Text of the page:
Luck and a positive attitude has played as much a role in Ann and Lachlan ‘Buckles’ Peacey pulling through one of the harshest droughts western Queensland has endured as any management techniques they’ve been able to implement.
Despite only having one fall of rain this year, 100mm back in March, the couple who own Laidlaw, 92km south of Longreach, insist they are are among the more fortunate producers in the region, thanks to a fall of 75mm the previous October that not many neighbours recorded.
On the strength of that they were able to join their nucleus ewe flock, some of them seven and eight years old, in December, and mark a remarkable 82 per cent of lambs.
In October they were busy shearing 3000 sheep, about half of what they’d normally run, that were cutting an 80-90mm staple of 19.5 micron wool.
“You’ve got to have a few wins,” was Buckles’ dry summary of the outcome.
And while they have been few and far between in the 25 years since the wool floor price collapse, the Peaceys have stuck with Merino sheep breeding, largely because of their ability to survive in dry times.
“We've got a hatful of cattle,” Buckles said. “We shifted them seven times in eight years at one stage, on agistment, and we got a bit sick of that.
“Next time I think they'll just go, what we've got left.”
True sheep producers get in a seasonal rhythm, whether it be a drought or good times, and that’s the feeling you get as Buckles and Ann talk about their affinity for their sheep and how they’ve ‘got them through’.
Adjustments had to be made – no ewes were joined in either 2014 or 2015, hence the age of some of the core breeders now – and the decision was made in 2015 to feed sheep for a year, after selling and selling again.
“We just about drove ourselves mad feeding them on and off,” Ann said.
“That was our worst. We came through with 1800 young ewes that were left.
“That was an awful time, selling all your good sheep off, but everyone had to do it.”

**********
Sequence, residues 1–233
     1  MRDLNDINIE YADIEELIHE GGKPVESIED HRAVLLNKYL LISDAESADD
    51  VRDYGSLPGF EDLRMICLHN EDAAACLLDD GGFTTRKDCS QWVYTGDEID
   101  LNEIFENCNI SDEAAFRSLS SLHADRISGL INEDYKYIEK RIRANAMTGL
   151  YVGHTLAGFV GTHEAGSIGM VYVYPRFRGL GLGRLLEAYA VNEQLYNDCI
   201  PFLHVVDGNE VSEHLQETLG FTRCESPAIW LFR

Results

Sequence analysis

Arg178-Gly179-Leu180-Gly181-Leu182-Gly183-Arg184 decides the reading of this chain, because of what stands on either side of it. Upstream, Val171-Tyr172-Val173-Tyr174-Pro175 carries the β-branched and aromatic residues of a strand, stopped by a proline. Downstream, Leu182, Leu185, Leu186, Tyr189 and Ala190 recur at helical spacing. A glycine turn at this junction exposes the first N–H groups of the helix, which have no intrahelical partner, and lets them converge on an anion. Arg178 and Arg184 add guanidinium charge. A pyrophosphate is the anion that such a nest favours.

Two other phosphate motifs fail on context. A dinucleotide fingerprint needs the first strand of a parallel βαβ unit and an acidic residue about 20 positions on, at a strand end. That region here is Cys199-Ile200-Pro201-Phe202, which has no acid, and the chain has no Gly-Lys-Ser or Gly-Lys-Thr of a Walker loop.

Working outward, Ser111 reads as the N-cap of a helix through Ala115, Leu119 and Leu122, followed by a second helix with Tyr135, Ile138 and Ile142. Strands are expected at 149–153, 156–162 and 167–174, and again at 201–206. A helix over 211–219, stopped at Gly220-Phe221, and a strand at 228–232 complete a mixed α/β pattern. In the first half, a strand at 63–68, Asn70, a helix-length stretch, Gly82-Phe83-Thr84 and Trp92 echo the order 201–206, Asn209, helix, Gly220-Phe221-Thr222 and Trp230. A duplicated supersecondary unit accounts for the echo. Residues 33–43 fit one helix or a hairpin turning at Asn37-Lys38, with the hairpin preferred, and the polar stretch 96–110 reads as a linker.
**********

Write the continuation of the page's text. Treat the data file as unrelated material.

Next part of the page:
Dam good idea
Ironically, a lack of water, underground water specifically, is one of the things that Buckles points to as having helped them cope with the extended drought.
“Because we're all surface water, we probably destock early,” he said.
“We'd probably hang on a bit more (if we had bore water).
“We haven't got much choice but that's something we try to do.”
Artesian water is a prohibitive 2200 feet below, equal to a bill of half a million dollars to extract and pipe.
Experience from an earlier drought “many moons ago”, of carting water from Longreach, 92km away, when their dams went dry, a cost equivalent to agistment rates, showed them the value of their dams.
It was a salient lesson, one which saw them sink available cash into desilting and enlarging the dams, which has stood them in good stead this time around.
“That was the good thing, otherwise we'd be shot in the foot again now,” said Ann.
Chasing a little white ball has been another of Buckles’ ways of surviving the endless routine that drought brings.
“Your mental health is pretty important,” he said. “I’ve taken up golf in the last few years – you can go out and swear at a ball, and it gets you away from the place.”
The Peaceys are counting their blessings in lots of other ways too: while they might joke that three weddings and four grandchildren in the last two years has seen money “fly out the window”, those new beginnings have given them lots of pleasure.
Wild dogs haven’t caused as much havoc at Laidlaw as in other parts of the central west – only seven dogs were trapped in the last four years – and wool bale averages at shearing time were between $2200 and $2500.
“Ann's father, Peter Graham, told me that his wool clip didn’t pay for his shearing in 1969-70 – at least we can’t say that,” Buckles said.